Before 1922, a diagnosis of Type 1 Diabetes—a life-long condition where the pancreas cannot produce insulin—was more often than not a death sentence. All doctors could do at the time was suggest a carbohydrate-restricted diet and exercise.
Then, in 1922, Frederick Banting and Charles Best discovered that injecting insulin extracted from cattle and pigs into patients effectively treated the disease. For the first time, diabetic patients had a life-saving treatment option.
Fast forward approximately 40 years, and there are now three manufacturers—Eli Lilly, Novo Nordisk, and Sanofi—who produce a wide variety of insulin products, from rapid-acting forms (such as Humalog and Novolog) to long-acting ones (such as Lantus and Levemir).
Yet, diabetes is currently one of the most expensive chronic diseases in the U.S.; the economic cost is approximately $327 billion. Specifically, type 1 diabetes, which affects 1.6 million Americans, puts an extreme financial burden on patients, as well as a logistical burden since treatment requires consistent access to insulin. Yet this life-saving drug costs more than 8x in the U.S. than any other nation, leaving 25% of patients unable to afford their medication.
Why is insulin still so expensive?
Typically, a drug’s price decreases over time as the medical benefits of that drug are established and the initial research costs are recuperated. Prices also typically go down when more manufacturers start producing the drug, which creates competition.
Insulin is not a new drug, although it’s been proven that it is a medically-necessary one. And there are also three different manufacturers producing it. However, instead of decreasing, the price of insulin has only increased. From 2012 to 2018, insulin costs increased by 14% every year.
There are two main reasons for this mind-boggling phenomenon, which we’ve summarized below.
Reason #1: No generic version
It is a well-established economic fact that competition can drive down prices. When it comes to prescription medications, this typically occurs when a generic version of a drug is introduced to the market. The company that first develops and patents a drug owns the ability to make that drug formula for an exclusive period. The intention of this is to allow that drug company to make back the costs they invested in researching and inventing this new drug.
However, once that exclusive period passes, their patent on the drug formula expires. That’s when other pharmaceutical manufacturers can produce versions of that drug, which are called “generic” equivalents. This increases the number of versions of the drug a patient has to choose from, thus encouraging competition between manufacturers, which then leads to lower prices.
However, this has not happened with insulin. While patients do have the ability to choose from three different manufacturers, all three only produce brand-name versions of insulin. In other words, there are currently no generic forms of insulin available. And again, it’s the generic form of a drug that is typically significantly cheaper than brand-name versions.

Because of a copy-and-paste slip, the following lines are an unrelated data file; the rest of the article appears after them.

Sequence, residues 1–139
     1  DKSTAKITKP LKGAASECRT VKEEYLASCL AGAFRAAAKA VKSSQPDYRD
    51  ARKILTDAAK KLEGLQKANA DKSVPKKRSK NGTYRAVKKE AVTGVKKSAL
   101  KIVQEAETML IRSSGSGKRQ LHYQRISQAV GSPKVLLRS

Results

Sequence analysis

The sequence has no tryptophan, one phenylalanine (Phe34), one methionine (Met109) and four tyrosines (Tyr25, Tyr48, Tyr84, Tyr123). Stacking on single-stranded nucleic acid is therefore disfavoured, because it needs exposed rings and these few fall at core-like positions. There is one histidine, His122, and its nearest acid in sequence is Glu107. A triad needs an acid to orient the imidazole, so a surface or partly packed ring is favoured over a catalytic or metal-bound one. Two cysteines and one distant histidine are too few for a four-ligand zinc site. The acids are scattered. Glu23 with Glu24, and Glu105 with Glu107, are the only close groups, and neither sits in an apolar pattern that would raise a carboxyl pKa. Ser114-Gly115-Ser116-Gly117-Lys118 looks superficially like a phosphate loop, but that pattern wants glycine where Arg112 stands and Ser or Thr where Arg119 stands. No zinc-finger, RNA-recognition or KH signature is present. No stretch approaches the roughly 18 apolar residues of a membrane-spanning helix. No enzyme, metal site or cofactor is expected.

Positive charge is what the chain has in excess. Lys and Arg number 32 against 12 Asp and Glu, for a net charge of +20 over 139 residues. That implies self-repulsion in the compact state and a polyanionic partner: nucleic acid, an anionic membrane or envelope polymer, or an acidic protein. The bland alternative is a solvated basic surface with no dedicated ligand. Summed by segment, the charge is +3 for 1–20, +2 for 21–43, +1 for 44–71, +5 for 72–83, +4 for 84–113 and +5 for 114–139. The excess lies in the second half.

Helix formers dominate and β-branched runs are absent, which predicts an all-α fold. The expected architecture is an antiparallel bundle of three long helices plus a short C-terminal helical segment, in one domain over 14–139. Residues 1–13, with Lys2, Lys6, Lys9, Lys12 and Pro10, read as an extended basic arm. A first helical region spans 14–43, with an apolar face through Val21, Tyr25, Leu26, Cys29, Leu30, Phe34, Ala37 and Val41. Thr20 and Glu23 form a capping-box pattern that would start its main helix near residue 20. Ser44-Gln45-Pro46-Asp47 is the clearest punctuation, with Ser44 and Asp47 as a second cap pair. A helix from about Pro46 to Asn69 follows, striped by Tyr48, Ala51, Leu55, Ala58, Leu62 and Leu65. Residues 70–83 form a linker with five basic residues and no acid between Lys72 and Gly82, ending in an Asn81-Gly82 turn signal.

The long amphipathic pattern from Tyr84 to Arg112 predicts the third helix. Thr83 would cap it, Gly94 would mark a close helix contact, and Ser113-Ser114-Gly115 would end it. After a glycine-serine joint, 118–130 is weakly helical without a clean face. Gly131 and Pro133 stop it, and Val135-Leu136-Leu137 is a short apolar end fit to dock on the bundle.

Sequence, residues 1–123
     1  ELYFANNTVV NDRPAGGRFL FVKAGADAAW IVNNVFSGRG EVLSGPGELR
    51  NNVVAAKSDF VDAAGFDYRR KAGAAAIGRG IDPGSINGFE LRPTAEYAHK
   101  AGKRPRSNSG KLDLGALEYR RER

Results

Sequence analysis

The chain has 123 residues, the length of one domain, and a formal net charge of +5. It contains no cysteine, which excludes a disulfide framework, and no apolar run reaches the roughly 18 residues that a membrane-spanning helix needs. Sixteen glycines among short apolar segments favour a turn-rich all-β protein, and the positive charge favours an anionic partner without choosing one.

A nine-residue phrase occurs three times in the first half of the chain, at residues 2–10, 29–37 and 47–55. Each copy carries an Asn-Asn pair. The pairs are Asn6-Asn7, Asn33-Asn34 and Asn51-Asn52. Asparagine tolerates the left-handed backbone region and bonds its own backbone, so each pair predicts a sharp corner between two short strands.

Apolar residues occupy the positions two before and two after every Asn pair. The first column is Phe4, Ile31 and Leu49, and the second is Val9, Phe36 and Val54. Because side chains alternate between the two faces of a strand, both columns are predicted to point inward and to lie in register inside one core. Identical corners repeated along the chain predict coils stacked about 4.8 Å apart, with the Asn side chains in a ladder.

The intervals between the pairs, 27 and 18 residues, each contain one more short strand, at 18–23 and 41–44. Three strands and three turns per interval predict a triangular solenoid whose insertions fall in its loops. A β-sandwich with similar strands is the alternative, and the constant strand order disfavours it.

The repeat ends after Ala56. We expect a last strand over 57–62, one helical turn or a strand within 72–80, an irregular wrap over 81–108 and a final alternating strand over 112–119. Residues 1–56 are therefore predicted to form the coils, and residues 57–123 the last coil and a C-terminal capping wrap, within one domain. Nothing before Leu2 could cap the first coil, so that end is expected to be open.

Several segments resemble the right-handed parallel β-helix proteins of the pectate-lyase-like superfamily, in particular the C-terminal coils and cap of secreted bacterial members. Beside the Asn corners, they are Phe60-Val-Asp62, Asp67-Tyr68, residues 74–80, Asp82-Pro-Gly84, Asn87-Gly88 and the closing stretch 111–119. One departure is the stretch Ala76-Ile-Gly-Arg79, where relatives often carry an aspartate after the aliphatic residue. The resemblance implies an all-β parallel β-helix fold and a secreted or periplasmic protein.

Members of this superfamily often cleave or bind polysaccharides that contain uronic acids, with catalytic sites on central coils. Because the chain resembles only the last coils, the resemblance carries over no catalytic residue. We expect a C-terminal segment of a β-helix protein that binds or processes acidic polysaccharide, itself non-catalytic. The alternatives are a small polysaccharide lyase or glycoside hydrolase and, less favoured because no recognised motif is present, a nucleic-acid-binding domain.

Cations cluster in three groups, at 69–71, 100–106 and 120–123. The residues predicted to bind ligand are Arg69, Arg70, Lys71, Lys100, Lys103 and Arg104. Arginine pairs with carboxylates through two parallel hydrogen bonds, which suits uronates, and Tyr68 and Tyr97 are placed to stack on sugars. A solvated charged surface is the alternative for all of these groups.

This leaves patients between a rock and a hard place. Their only option is to choose from equally-expensive versions of brand-name insulin. One reason for the lack of generic insulin may be that insulin belongs to a class of drugs that are notoriously hard to manufacture. It is considered a “biologic” drug, which is harder to make because they tend to be more “complex molecules.”
In addition to manufacturing complexities, a practice called “patent greening” is suspected to be partially responsible. Patent greening refers to the practice of manufacturers making small tweaks to their medication formulation to extend the exclusivity period of their patent and prevent other competitors. According to a study by Johns Hopkins, for more than 90 years, pharmaceutical companies have been making small improvements for this purpose.
Reason #2: Not Enough Price Regulation
A second culprit for the inordinately high cost of insulin lies in the lack of price regulation of the existing insulin manufacturers. This is a broader problem in U.S. healthcare overall. The journey of a drug going from production to a patient’s medicine cabinet is riddled with middlemen. The lack of transparency around this process leaves room for these middlemen—in addition to large chain pharmacies and manufacturers themselves—to artificially inflate prices.
Unfortunately, the FDA cannot regulate pricing. Their purpose is to review and approve drugs based on efficacy and safety, not to monitor pricing. This responsibility falls to lawmakers instead; indeed, in many states, lawmakers are currently trying to lower insulin costs at the state-government level. But given the slow nature of the legislature and the pushback these lawmakers face from pharmaceutical companies and health insurance providers, this is not an easy task.
Proposed laws that focus on limiting the price set by manufacturers are nearly guaranteed to fail, according to advocates for lowering insulin prices. Instead, lawmakers often try to focus on putting a limit on how much insurance companies can charge in the form of co-pays. However, this doesn’t help the millions of Americans who are uninsured (a number that has dramatically risen due to COVID-19).
In 2019, Colorado became the first state to cap the cost of insulin at $100, including out-of-pocket costs for those who are uninsured. While this is a victory for the diabetic population, the change is slow-going, and much more is needed.
High insulin pricing, like all problems with American healthcare, remains a complicated and nuanced issue with no easy solution. However, at the end of the day, whatever the reason that is causing the hike in insulin prices, patients are the ones paying the ultimate price. When you are diagnosed with Type 1 diabetes, there is no “choice” when it comes to treatment. Insulin is life-saving.